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Free Citizen

This writer espouses individual liberty, free markets, and limited government.

Location: Jackson, Mississippi, United States

Saturday, December 05, 2009

Signing the Pledge in Virginia

Phil Rodokanakis commented on my article on Virginia's politics and election system. The Republicans held a "firehouse primary" to choose their candidate for the upcoming special election for a state Senate seat. Phil is critical of the pledge that the GOP required each voter to sign.

"... [the pledge is] meaningless as it's unenforceable. Furthermore, it alienates voters, even Republicans, because it asks them to pledge support for all Republican nominees."

There will only be one race on the special election ballot, so this must have been the standard form for the pledge. It sounds like the party was requiring voters to promise to vote Republican for all offices in future elections as well.

Yes, it's unenforceable because of the secret ballot.

"The quicker the GOP gives up on this silly notion of having voters sign pledges, the better off the party will be. What VA needs is voter registration by party. Then the majority will register as independents and the parties won't keep on taking the voters for granted."

I know that the Virginia legislature has refused to enact party registration; the GOP probably figures the pledge is the next best thing. Party registration is tough to get through a legislature, as most voters don't want it. Idaho Republicans have filed suit against their state-mandated open primary (Idaho Republican Party v. Ysursa), but several bills for party registration have failed in the heavily Republican legislature.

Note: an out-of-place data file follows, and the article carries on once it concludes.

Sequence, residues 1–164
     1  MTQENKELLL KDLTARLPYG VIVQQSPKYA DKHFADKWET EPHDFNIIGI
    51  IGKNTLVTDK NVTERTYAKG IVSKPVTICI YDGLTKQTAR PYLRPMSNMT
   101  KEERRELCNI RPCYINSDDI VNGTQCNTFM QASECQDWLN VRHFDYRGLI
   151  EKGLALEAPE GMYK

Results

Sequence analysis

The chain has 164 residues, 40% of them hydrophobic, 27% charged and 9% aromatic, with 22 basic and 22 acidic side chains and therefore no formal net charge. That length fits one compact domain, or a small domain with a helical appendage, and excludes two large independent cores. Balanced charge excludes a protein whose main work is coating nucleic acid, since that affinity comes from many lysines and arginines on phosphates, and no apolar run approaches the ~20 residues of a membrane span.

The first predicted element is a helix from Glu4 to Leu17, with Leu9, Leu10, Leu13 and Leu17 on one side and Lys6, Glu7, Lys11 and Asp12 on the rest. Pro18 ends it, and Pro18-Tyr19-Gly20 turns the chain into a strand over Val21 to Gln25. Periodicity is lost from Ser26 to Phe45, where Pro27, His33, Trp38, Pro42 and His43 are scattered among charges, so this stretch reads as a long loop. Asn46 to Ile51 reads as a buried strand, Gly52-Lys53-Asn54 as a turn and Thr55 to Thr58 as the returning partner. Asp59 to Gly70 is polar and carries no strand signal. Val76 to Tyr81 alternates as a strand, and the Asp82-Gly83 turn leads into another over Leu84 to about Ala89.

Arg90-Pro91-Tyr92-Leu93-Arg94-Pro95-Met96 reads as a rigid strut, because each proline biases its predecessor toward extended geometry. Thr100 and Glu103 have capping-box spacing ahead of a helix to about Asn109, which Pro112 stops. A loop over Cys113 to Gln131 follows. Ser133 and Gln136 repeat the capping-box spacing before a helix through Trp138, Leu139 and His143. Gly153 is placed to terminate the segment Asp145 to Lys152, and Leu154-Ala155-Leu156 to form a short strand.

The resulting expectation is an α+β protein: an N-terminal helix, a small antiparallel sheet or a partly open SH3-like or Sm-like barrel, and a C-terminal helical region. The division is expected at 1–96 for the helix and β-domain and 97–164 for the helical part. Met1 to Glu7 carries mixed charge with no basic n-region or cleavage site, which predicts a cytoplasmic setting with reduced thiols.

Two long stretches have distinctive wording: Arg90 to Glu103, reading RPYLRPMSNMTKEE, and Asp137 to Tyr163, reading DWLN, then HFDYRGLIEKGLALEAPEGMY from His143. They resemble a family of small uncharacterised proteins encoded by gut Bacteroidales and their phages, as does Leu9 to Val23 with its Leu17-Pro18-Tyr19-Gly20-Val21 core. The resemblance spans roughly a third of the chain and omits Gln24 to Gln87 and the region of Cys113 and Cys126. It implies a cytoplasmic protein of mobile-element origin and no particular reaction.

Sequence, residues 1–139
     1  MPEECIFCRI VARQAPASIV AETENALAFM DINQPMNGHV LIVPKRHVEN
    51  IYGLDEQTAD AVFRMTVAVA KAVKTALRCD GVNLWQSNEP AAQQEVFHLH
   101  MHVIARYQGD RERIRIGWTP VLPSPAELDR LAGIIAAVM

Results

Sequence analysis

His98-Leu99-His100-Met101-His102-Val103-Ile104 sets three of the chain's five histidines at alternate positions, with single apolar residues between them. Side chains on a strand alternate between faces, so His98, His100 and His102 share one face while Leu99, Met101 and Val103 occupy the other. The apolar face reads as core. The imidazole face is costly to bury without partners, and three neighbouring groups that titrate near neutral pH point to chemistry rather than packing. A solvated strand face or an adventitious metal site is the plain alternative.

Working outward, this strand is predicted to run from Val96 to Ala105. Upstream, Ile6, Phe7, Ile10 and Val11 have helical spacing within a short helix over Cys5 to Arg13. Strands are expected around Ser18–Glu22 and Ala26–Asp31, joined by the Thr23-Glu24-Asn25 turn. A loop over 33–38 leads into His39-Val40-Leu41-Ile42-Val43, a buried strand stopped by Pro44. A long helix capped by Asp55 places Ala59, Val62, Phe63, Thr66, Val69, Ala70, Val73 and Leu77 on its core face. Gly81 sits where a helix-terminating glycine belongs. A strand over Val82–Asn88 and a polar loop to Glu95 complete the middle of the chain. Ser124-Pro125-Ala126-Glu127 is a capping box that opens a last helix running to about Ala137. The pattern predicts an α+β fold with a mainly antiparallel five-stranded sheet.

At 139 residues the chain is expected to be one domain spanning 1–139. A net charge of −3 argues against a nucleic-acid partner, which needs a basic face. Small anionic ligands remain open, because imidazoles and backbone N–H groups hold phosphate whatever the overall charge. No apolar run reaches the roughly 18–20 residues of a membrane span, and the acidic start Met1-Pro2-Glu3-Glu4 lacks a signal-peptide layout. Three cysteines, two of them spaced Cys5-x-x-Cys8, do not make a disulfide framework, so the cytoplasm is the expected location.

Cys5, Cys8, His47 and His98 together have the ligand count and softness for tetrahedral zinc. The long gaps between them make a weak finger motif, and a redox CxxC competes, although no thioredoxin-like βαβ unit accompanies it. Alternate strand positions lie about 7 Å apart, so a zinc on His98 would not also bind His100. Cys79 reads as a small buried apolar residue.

Both Rhode Island and Utah have fairly recently adopted a system that deemed all voters already registered to be independents. The only voters who had to re-register were those who wanted to affiliate with a party (in both states, independents may vote in either party's primary).

Closer to home, North Carolina registers voters by party, and independents have their choice of either party's primary. The Republicans have invited independents to vote in their primaries since 1988, and the Democrats have since 1996.

Party registration is not the straitjacket that many people fear it is. Its purpose is to identify voters' party preferences, and it's the most practical way of doing so. But a party can still invite non-members to vote in its primary if it wants to. Utah, e. g., has party registration, and yet the Democrats invite ALL voters into Democratic primaries.

Getting back to the Virginia Republicans' pledge: As I recall, the party in 2008 announced that it would compel voters to sign the pledge in order to participate in the GOP presidential primary, but the reaction was so negative that the party was forced to abandon this requirement.


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